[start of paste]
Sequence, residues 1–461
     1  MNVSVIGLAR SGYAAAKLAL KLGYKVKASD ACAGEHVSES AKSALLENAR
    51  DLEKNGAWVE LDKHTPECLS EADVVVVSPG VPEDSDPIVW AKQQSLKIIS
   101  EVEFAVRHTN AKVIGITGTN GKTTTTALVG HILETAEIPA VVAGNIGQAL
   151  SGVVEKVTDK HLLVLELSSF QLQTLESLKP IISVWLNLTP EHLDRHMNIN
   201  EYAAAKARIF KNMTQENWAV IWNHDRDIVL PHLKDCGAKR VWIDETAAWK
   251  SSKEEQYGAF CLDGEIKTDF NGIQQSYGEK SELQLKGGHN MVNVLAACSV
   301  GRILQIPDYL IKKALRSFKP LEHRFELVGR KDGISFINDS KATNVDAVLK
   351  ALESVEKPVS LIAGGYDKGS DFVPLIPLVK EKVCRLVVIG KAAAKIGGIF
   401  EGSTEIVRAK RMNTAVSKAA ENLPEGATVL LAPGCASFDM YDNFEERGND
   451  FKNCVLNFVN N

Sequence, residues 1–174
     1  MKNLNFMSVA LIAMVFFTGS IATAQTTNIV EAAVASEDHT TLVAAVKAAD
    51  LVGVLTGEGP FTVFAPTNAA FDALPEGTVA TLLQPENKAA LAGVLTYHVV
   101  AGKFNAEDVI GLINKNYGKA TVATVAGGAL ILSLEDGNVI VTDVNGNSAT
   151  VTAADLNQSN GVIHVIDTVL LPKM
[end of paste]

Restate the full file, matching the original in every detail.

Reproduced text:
Sequence, residues 1–461
     1  MNVSVIGLAR SGYAAAKLAL KLGYKVKASD ACAGEHVSES AKSALLENAR
    51  DLEKNGAWVE LDKHTPECLS EADVVVVSPG VPEDSDPIVW AKQQSLKIIS
   101  EVEFAVRHTN AKVIGITGTN GKTTTTALVG HILETAEIPA VVAGNIGQAL
   151  SGVVEKVTDK HLLVLELSSF QLQTLESLKP IISVWLNLTP EHLDRHMNIN
   201  EYAAAKARIF KNMTQENWAV IWNHDRDIVL PHLKDCGAKR VWIDETAAWK
   251  SSKEEQYGAF CLDGEIKTDF NGIQQSYGEK SELQLKGGHN MVNVLAACSV
   301  GRILQIPDYL IKKALRSFKP LEHRFELVGR KDGISFINDS KATNVDAVLK
   351  ALESVEKPVS LIAGGYDKGS DFVPLIPLVK EKVCRLVVIG KAAAKIGGIF
   401  EGSTEIVRAK RMNTAVSKAA ENLPEGATVL LAPGCASFDM YDNFEERGND
   451  FKNCVLNFVN N

Sequence, residues 1–174
     1  MKNLNFMSVA LIAMVFFTGS IATAQTTNIV EAAVASEDHT TLVAAVKAAD
    51  LVGVLTGEGP FTVFAPTNAA FDALPEGTVA TLLQPENKAA LAGVLTYHVV
   101  AGKFNAEDVI GLINKNYGKA TVATVAGGAL ILSLEDGNVI VTDVNGNSAT
   151  VTAADLNQSN GVIHVIDTVL LPKM